“There are three kinds of lies: lies, damned lies, and statistics.”- Mark Twain.
Union minister Prakash Javadekar said in the Lok Sabha, “No child was deprived of online education during the pandemic as the government had taken several steps in that direction.” A false statement from an individual holding a high portfolio is disappointing when the statistics and facts reveal something utterly contradictory.
A majority of Indian school students do not have the means or privilege for online education.
Accessible education has always been a challenge in India. The pandemic broadened the pre-existing gap making online education a commodity of sheer privilege. In the past 8-10 months, thousands of students have suffered due to the digital divide. Taking the example of the Indian state with the highest literacy rate of 96.2%, Kerala witnessed numerous cases where students took away their lives due to lack of accessibility to digital tools.
Mentioning these suicide cases does not advocate for or justify the steps taken by those students but merely highlights the blatant failure of the system and concerned authorities that drove young minds to take their own life. Not just that; for powering devices, access to electricity is crucial for digital education.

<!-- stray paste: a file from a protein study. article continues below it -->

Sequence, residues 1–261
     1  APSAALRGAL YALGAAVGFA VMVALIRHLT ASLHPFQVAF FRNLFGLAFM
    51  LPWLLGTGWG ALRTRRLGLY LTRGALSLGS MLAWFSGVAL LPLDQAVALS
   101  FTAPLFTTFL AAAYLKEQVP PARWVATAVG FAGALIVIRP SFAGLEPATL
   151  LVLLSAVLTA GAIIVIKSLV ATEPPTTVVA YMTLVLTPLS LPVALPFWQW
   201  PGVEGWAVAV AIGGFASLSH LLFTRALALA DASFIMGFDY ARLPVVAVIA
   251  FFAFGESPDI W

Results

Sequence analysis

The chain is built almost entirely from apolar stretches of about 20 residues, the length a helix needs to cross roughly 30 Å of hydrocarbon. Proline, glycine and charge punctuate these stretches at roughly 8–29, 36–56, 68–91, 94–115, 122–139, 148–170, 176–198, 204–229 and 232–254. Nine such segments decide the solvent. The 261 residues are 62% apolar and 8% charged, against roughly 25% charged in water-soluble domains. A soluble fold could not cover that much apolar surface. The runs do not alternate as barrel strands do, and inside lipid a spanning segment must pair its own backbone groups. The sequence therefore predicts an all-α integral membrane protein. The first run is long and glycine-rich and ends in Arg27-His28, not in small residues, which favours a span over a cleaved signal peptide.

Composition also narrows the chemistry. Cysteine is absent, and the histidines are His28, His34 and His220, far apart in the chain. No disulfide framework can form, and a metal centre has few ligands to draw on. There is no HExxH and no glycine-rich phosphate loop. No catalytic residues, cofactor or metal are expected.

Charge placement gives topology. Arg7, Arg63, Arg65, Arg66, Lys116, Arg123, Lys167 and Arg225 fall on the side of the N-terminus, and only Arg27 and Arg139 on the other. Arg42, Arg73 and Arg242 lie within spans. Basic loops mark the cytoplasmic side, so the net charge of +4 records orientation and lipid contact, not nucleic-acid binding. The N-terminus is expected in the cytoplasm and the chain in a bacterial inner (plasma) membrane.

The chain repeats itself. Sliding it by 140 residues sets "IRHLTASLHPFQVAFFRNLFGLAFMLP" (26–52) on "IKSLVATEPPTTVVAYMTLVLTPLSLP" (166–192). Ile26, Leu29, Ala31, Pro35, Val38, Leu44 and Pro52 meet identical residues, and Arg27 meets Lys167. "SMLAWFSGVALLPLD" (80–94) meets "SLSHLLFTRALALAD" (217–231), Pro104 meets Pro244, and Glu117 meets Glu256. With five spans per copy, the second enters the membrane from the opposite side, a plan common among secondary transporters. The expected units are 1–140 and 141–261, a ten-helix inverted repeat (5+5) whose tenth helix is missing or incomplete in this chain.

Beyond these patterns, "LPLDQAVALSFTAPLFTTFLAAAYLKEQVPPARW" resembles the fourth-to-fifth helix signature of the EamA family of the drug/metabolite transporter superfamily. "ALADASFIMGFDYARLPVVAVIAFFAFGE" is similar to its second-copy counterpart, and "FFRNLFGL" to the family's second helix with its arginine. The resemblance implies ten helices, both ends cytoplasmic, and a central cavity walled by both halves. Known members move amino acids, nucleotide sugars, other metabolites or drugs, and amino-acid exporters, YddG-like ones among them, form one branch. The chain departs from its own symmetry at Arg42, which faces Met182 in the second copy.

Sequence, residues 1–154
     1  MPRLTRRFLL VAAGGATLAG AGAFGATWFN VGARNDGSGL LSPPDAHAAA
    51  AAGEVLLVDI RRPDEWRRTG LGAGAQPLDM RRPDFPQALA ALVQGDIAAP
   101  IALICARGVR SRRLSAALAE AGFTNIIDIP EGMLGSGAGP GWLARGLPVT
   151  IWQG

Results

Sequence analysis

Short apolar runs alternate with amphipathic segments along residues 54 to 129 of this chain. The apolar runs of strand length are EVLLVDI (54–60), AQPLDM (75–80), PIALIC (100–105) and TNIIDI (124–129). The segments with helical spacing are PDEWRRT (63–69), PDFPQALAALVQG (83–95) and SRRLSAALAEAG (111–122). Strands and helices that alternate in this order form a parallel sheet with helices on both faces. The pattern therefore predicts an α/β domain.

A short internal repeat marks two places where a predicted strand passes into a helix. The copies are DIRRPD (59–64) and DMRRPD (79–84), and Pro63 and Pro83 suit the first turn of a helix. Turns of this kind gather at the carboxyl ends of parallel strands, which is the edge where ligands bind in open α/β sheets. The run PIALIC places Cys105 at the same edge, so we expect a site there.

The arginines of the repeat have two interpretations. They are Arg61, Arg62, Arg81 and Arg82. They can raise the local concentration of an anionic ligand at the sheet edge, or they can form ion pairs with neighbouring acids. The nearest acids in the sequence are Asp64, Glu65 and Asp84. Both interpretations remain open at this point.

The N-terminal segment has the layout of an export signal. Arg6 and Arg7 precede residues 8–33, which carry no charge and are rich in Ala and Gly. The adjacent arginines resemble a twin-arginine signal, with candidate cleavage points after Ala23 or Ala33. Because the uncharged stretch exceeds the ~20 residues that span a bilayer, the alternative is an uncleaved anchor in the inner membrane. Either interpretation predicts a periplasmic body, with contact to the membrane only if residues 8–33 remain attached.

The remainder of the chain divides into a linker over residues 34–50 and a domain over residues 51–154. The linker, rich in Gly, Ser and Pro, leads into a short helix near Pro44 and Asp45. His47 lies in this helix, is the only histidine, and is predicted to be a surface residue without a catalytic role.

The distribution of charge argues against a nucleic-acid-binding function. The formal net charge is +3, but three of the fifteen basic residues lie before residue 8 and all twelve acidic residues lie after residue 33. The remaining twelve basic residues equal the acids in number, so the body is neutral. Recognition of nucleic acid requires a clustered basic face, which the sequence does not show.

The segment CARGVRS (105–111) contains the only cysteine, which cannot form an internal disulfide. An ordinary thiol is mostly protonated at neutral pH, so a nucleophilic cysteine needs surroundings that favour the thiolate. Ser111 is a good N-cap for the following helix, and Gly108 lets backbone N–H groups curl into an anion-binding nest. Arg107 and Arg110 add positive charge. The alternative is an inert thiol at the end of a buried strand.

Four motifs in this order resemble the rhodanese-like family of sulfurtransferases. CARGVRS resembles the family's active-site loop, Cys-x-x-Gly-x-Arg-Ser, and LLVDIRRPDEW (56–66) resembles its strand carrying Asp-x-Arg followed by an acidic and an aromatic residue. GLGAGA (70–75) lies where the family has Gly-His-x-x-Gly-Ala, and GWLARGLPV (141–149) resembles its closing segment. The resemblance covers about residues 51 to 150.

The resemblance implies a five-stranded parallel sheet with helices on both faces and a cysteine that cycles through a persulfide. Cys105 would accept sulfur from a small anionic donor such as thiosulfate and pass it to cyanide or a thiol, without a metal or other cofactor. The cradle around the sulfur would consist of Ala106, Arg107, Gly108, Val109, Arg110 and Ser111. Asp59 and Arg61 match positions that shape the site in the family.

According to 2017-’18 survey reports by the Ministry of Rural Development, only 47% of the houses received electricity more than 12 hours a day. 66% of India’s population lives in villages where only 15% of rural households have access to internet services. Whereas in urban areas, it’s 42%. Moreover, India witnessed a spike in unemployment during the lockdown affecting the livelihood of millions.
15 y/o Shirin Riyaz Shah from Mumbai had one smart-phone between her and her four siblings over which they sat through Zoom and submitted their homework via WhatsApp. Their schedules didn’t merge well resulting in a feud. In most households with a meagre income, eating three meals a day was not guaranteed, purchasing costly internet plans or devices cost them a fortune. From mortgaging assets to cutting off on essential household expenses, families have done it all to make online education a possibility when the government schemes failed to reach the neediest.
According to Save The Children Fund, the Indian government spends about 3% of the nation’s GDP on education and only half the population has access to the internet. Laxman, a carpenter from Paschim Vihar, New Delhi, has no means of getting a smartphone with his scanty income. Just like Shirin and Laxman, thousands of students underwent massive inconvenience.
Of course, the government and MHRD launched several e-libraries, virtual labs, and e-learning platforms like Shagun Online Junction, DIKSHA, e-PATHSHALA, etc but everything narrows down to the fact that none of it makes sense without electronic gadgets and internet connectivity Although several NGOs, social groups and individuals stepped up to bridge this digital gap by sponsoring smartphones and laptops, the negligence by the authorities can’t be overlooked.
Despite the haunting statistics, if the Union Minister is consciously being ignorant of the reality and making deceptive comments in Lok Sabha about a crisis then it’s nothing but mocking the misery of thousands of struggling students and the lives lost. An ordinary Indian citizen expects its government is to at least acknowledge the problem. After all, how will one solve the problem if one does not acknowledge it!